What is Knob and Tube wiring?
Knob and tube wiring was the go-to wiring method for buildings from the 1880s through to the 1940s. Tens of thousands of homes throughout Massachusetts, Connecticut and Rhode Island have this type of wiring. If your home was built during this time chances are it has or once had knob and tube wiring. The best place to search for the presence of this type wiring is the basement and attic. In the basement look between floor joists and at sills along the top of the foundation. In the attic search between ceiling joist and rafters. If the attic is insulated (not uncommon because the dangers of knob and tube were not known twenty years ago) lift the insulation in different spots and look beneath. If you see white ceramic knobs and porcelain tubes along and through framing members strung with two runs of wire running parallel this is knob and tube wiring. The wires were meant to stay apart from each other and in the open allowing air to circulate to prevent overheating.
Issues Associated with Knob and Tube Wiring
One of the biggest issues from our perspective is the genuine concern that insulation that is in contact with or covers up this outdated wiring can cause overheating and lead to fires. This is the main reason why so many older homes, even with today’s high energy costs, have very little insulation or none at all. Think of the energy lost in these old homes. In fact this issue is so wide spread that MassSave and EnergyWise sponsored by the utility companies in your area both offer zero interest loans up to ten thousand dollars to remove this potentially dangerous wiring allowing for new energy saving insulation to be installed.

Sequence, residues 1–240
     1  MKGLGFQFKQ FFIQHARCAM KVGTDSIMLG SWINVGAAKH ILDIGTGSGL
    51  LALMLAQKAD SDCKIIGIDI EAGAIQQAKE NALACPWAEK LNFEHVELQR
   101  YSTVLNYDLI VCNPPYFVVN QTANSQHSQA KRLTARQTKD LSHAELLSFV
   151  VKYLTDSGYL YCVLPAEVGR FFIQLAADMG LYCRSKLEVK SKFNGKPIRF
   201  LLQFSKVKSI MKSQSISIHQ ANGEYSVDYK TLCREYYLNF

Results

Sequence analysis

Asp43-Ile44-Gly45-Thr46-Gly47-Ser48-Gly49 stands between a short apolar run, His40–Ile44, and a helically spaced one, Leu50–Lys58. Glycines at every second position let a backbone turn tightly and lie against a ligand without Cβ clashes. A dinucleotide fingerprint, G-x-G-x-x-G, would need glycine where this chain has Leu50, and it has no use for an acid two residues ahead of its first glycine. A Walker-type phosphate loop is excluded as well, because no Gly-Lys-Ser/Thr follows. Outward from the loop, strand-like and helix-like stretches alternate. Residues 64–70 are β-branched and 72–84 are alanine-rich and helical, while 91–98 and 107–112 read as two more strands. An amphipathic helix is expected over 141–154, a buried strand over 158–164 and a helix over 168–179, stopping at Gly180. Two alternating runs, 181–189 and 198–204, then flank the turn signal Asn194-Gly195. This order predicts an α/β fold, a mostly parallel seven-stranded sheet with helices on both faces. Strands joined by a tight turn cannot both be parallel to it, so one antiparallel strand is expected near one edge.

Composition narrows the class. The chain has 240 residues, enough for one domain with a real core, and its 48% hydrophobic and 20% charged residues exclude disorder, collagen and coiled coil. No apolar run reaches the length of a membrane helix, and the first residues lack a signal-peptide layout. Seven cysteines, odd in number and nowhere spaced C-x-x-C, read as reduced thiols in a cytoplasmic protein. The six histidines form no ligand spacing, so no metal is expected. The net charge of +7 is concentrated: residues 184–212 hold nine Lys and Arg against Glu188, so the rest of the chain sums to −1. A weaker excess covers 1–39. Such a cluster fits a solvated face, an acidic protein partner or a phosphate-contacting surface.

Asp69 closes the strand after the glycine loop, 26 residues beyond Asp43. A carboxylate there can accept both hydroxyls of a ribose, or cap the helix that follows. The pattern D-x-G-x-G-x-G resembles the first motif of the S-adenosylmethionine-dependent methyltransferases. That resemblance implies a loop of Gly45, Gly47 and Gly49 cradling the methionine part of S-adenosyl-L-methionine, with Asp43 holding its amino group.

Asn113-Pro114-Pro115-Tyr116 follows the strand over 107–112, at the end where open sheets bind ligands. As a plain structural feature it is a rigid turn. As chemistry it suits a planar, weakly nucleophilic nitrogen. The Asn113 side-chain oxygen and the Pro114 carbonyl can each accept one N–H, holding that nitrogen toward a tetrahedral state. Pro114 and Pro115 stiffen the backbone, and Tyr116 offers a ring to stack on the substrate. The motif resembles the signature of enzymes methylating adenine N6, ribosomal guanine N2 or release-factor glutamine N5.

Another common trait with this wiring are two slot outlets which do not provide for a ground. Even if the old two slot outlets are replaced with newer three prong outlets there is still no third wire (thus no ground) to prevent shocks.
Other common problems stem from amateur modifications done incorrectly. Always hire a licensed electrician when working with old wiring.
Lastly, knob and tube wiring does not have the electrical capacity that modern families require. Today’s appliances and electronics and all the other plugged in things in our home demand much higher electrical loads than the wiring was originally designed for.